Shielding from the Storm
This month, two California scientists will spend hours wading waist-deep through -2°C water on an Antarctic beach near McMurdo Research Station. Using scoops constructed from plastic beakers secured to the ends of broom handles, Victoria Fabry of the California State University, San Marcos, and Gretchen Hofmann of the University of California, Santa Barbara, will collect thousands of tiny, shelled planktonic...
As the ocean absorbs more carbon dioxide, its acidity rises. Fabry has shown that when the ocean becomes more acidic, the translucent calcium carbonate shells of pteropods, a type of sea snail, grow thinner; at ocean carbon dioxide levels that the Intergovernmental Panel on Climate Change (IPCC) predicts by 2100, the shells will simply start to dissolve. One of the shells' functions is to protect the creatures from predators, Fabry says. Whether and how well they will be able to survive without their shells is unclear.
Other researchers have observed similar effects in calcifying creatures such as corals, mussels, and shelled phytoplankton called cocolithophores. Now, armed with a recent National Science Foundation grant, Fabry and Hofmann plan to go one step beyond observational studies to sequence the pteropod genome. Rather than adding pteropods to the list of species to be tackled by the Joint Genome Institute's (JGI) Community Sequencing Program, a process that can take years, the duo will work with 454 Life Sciences, whose technology can sequence several million base pairs per hour. The platform lacks the accuracy and precision of JGI's sequencing, but it has its benefits. "You can sequence the entire genome in an afternoon," says Hofmann. The aim: To identify genes and molecular processes that calcifying organisms might use to buffer themselves against the effects of climate change. "Molecular tools are one of the few ways to start quantifying adaptation," says Fabry.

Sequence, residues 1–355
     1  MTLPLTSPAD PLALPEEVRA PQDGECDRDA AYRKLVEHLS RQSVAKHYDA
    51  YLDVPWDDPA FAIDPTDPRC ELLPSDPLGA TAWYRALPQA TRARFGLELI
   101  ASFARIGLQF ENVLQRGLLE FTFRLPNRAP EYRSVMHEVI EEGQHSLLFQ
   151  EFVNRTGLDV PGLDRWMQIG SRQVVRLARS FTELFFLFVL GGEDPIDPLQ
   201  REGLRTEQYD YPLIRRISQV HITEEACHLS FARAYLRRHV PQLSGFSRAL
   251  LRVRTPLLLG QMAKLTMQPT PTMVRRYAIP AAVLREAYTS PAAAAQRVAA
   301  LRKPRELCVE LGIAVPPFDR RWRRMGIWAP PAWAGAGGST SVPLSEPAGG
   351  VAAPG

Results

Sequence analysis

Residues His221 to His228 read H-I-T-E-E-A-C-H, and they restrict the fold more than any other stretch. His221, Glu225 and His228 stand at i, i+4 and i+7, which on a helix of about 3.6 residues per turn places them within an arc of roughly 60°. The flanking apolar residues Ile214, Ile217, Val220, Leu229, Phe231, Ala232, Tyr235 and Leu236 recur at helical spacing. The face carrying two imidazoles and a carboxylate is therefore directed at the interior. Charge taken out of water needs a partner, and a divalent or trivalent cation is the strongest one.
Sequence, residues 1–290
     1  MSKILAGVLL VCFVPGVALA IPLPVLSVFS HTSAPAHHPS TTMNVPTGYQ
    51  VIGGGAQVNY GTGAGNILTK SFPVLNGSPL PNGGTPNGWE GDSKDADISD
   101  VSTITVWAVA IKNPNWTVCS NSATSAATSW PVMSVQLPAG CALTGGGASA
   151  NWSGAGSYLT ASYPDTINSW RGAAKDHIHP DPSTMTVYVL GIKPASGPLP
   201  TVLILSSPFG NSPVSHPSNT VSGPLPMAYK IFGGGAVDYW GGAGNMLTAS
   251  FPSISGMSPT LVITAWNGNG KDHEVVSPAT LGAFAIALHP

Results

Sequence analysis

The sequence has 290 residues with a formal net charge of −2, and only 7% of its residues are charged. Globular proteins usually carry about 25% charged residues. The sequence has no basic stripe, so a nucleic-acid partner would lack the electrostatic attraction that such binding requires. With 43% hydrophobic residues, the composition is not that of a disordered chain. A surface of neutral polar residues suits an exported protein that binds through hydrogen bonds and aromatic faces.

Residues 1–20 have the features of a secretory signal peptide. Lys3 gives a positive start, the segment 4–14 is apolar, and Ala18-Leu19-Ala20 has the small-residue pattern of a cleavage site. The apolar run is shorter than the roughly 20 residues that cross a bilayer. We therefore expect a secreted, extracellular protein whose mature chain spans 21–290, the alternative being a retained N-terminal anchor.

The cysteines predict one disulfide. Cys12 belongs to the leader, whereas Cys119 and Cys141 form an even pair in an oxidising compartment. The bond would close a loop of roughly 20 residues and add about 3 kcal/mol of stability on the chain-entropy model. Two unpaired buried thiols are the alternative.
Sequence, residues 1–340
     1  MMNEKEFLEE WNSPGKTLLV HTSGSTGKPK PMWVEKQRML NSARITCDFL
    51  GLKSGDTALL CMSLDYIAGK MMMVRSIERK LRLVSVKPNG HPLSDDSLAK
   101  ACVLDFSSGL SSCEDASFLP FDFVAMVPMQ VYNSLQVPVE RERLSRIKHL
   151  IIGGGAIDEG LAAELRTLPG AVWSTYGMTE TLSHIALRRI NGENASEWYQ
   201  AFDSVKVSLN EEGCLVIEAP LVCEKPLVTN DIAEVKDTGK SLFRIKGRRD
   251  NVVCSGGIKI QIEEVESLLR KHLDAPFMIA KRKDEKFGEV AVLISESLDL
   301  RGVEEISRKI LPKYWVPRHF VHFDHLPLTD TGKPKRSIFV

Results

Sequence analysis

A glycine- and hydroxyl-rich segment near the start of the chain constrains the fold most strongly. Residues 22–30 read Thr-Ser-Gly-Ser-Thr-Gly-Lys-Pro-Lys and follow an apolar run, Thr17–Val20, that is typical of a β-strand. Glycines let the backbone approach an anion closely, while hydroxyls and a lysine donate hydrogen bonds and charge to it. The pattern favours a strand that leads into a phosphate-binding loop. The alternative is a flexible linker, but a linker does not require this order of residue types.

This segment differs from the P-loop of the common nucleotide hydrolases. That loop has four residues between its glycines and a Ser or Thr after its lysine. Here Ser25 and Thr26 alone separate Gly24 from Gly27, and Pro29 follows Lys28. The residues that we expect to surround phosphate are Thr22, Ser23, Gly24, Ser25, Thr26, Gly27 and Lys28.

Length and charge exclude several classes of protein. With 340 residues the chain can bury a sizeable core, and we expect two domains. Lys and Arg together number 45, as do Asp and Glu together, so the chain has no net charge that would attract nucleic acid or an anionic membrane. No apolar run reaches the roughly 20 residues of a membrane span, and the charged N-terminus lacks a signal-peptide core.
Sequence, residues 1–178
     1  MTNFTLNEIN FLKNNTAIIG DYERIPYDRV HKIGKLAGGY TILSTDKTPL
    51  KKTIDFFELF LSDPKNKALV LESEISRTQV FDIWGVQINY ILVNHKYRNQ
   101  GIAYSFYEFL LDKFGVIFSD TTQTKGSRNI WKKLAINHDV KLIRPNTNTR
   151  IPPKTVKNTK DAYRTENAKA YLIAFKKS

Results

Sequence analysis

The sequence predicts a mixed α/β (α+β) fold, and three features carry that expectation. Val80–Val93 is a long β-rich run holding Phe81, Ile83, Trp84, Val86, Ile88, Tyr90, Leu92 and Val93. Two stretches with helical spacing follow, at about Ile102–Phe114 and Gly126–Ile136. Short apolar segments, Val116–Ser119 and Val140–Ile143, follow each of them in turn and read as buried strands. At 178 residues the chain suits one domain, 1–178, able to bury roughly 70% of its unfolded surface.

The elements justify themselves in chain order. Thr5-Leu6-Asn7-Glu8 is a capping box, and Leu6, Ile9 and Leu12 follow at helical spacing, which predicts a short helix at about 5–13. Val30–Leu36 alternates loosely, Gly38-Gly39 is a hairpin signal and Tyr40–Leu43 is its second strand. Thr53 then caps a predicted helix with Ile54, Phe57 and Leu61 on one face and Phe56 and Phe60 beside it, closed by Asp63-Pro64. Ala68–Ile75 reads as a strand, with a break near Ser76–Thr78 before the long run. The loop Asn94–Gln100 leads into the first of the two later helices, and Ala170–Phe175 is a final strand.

Most marine organisms can adapt easily to sudden increases in alkalinity, which occur naturally under conditions such as algae blooms, notes David Hutchins at University of Southern California, who studies the effects of ocean carbon dioxide levels on nitrogen fixation in phytoplankton. "The problem is, there is really no precedent for acidification, so we don't know how much they can tolerate." So far, most studies have examined physiological responses to rising acidity under short-term laboratory conditions, but the change will happen gradually, over decades. Gene expression studies can start to "forecast the impact," says Hofmann, by identifying mechanisms that regulate the plasticity of organisms to environmental effects. Such studies will also help determine a "tipping point," an acidity level above which adaptation won't be possible, says Fabry.
Pteropods are a staple menu item for an enormous range of organisms, including other plankton, salmon, and whales, so negative effects on their survival are likely to reverberate across the food chain. Moreover, shell building in calcifying marine organisms plays a major role in Earth's "biologic pump" - the movement of elements such as carbon and nitrogen through the air and ocean.
For now, Hofmann is working on the California sea urchin, whose sequence was completed in 2006, and includes classifications of genes by function. In a study recently submitted for publication, her lab looked at a handful of biomineralization and stress-response genes in sea urchin embryos exposed to acidification levels under IPCC's predicted best-case and worst-case scenarios and to different temperatures. Using quantitative PCR, they found that under conditions of high carbon dioxide levels, biomineralization genes remained unaffected, but HSP70, a key stress-response gene, appeared less able to respond to increases in temperature. So, even if biomineralization can proceed when acidity rises, Hofmann says, there is still "a cost of the altered environment to the embryo." Her lab is using a custom-made microarray to test the expression of 1,200 sea urchin genes involved in biomineralization, cellular stress response, and cell signaling under IPCC-predicted conditions. "That's a tool that would be really neat to use with the pteropod, once we have the sequence," she says.